Part II of V – The problem we are having with rape crime in Canada is:
- Anyone can do rape crime and get away with it; and
- Canadian Law Enforcement has a higher percentage of rape offenders in its population than does the Canadian general population.
Under the Justin Trudeau Canada government, the 2018 Federal Budget contains a five-year allotment of funds that essentially forces the RCMP to review its large inventory of secret, dismissed rape cases. The extra budget provides the RCMP with $10 million initially, and $2 million per year ongoing, to establish a national unit that will coordinate the review of nearly 25,000 rape and sexual assault cases that were dropped by investigators as “unfounded.” Women in Canada can thank the excellent work of a 20-month Globe and Mail investigative team.
According to the Statistics Canada General 2014 Social Survey on Canadians’ Safety (Victimization), there were 22 incidents of sexual assault for every 1,000 Canadians aged 15 and older in 2014. This represented approximately 636,000 self-reported incidents of sexual assault.
- The rate of self-reported sexual assault in 2014 remained unchanged from 2004; however, declines were noted over the same time period for all other types of violent and non-violent crime measured by the General Social Survey on Victimization.
- A higher risk of sexual assault was noted among those who were women, young, Aboriginal, single, and homosexual or bisexual, and those who had poorer mental health. In addition, individuals who had certain experiences—childhood abuse and homelessness—and more evening activities outside the home also had a higher risk of sexual assault.
- Among the three types of sexual assault measured by the General Social Survey on Victimization in 2014, seven in ten self-reported incidents were unwanted sexual touching, two in ten were sexual attacks and one in ten was sexual activity where the victim was unable to consent.
- Victims of sexual assault often had negative perceptions of their neighbourhood, lower levels of trust in others and less confidence in the police, compared to those who were not sexually assaulted. They were also less satisfied with their personal safety from crime and less likely to feel safe in certain situations.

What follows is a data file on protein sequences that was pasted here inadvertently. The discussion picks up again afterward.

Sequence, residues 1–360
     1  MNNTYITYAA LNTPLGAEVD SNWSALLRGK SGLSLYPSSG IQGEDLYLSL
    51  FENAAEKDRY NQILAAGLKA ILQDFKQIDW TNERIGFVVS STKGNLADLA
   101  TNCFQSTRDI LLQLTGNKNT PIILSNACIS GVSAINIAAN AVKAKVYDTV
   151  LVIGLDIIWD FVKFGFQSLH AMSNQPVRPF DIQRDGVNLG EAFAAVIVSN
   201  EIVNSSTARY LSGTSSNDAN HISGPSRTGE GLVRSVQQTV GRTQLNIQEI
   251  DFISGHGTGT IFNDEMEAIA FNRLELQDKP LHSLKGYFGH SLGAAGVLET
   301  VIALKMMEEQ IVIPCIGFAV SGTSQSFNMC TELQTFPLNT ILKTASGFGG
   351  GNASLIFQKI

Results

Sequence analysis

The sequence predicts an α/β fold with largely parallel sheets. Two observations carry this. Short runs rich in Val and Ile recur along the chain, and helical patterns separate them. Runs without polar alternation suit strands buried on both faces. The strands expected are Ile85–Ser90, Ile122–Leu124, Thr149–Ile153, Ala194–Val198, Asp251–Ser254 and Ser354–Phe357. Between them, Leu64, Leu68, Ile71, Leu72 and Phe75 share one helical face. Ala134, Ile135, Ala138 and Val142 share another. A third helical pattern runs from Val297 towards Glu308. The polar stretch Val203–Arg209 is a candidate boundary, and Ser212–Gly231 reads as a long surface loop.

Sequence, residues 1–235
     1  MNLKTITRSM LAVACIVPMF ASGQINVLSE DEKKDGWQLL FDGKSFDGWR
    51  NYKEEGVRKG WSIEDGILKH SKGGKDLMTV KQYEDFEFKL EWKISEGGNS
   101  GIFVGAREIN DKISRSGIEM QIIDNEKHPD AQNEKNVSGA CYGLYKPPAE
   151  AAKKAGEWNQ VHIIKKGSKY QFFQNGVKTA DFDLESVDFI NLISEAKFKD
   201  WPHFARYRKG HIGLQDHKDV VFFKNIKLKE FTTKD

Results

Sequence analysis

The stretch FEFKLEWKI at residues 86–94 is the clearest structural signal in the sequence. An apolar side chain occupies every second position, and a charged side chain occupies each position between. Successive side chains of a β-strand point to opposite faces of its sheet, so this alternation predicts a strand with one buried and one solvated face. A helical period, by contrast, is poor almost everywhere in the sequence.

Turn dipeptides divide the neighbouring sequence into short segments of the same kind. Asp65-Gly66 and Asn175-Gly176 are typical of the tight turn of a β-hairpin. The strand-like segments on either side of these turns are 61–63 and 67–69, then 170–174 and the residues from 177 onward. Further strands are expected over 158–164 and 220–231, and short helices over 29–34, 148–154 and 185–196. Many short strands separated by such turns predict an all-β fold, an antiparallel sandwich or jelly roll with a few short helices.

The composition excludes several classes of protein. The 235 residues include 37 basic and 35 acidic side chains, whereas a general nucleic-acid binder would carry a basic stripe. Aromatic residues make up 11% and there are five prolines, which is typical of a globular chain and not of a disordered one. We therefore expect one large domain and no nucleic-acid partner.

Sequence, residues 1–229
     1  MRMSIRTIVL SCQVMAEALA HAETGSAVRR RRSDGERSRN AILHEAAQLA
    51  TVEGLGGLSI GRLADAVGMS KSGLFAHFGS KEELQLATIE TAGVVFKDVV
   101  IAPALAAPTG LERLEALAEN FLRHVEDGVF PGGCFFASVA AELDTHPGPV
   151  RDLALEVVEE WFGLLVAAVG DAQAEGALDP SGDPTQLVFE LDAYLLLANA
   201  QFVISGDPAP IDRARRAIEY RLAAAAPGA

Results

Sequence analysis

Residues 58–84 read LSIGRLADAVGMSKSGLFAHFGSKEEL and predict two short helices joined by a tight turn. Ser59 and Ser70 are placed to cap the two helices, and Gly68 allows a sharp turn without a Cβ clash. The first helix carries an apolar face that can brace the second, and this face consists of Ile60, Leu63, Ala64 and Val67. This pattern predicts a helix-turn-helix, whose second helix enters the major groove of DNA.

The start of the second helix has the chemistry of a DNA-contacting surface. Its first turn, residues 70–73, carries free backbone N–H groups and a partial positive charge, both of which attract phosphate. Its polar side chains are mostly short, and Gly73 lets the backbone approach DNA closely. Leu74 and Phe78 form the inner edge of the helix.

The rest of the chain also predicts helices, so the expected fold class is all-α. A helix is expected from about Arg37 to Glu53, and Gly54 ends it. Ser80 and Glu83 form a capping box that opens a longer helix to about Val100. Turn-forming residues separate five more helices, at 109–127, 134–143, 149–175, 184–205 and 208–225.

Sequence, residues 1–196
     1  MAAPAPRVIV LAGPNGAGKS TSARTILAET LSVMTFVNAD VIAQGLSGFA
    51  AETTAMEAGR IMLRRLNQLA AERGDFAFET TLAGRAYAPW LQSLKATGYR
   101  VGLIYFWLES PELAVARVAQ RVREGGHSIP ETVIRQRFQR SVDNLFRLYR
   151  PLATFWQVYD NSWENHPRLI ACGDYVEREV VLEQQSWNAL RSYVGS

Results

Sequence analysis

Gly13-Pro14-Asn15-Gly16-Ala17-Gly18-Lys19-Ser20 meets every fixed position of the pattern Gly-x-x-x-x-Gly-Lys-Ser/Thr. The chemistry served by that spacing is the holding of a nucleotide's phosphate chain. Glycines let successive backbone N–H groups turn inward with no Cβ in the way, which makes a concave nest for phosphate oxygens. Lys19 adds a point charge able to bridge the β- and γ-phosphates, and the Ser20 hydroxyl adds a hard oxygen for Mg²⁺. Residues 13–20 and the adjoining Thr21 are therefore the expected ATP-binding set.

- Overall, sexual assault offenders were most often men, acting alone and under the age of 35. Just over half of victims knew the person who sexually assaulted them.
The Toronto Globe and Mail Newspaper Investigation
According to the Globe and Mail report:
In addition to the unfounded data, The Globe interviewed 54 complainants from across the country about their experience reporting a sexual assault to police, in order to understand how their cases were handled. For the majority of cases, The Globe was able to obtain documentation, such as police notes and e-mails, medical records, court documents, video and audio interviews, and internal police professional-standards reports. In cases where no documents were available, The Globe interviewed police, parents, friends and witnesses to verify the complainants’ accounts.
In all but 15 cases, those files were dismissed without charges. While complainants are rarely, if ever, told whether their allegation has been deemed unfounded, The Globe obtained documents that showed that seven of the 54 cases had been closed as unfounded. At least four other cases were likely closed in that way: Two complainants were charged with public mischief for filing a false report (in both instances, the charges were dropped before going to court); another two women said they were threatened with public mischief after making allegations of sexual assault.
Because unfounded statistics are kept secret – except through individual and often costly freedom-of-information requests – there is no imperative for police to analyze or account for them.
It wasn’t always this way. Until 2003, Statistics Canada released unfounded numbers. The last year for which numbers are available is 2002, when the national unfounded rate for sexual offences was 16 per cent. The agency collects data through the Uniform Crime Reporting Survey, a national set of standards that every police service is supposed to follow. The definition of unfounded, along with all other clearance codes, is laid out explicitly in the UCRS protocols.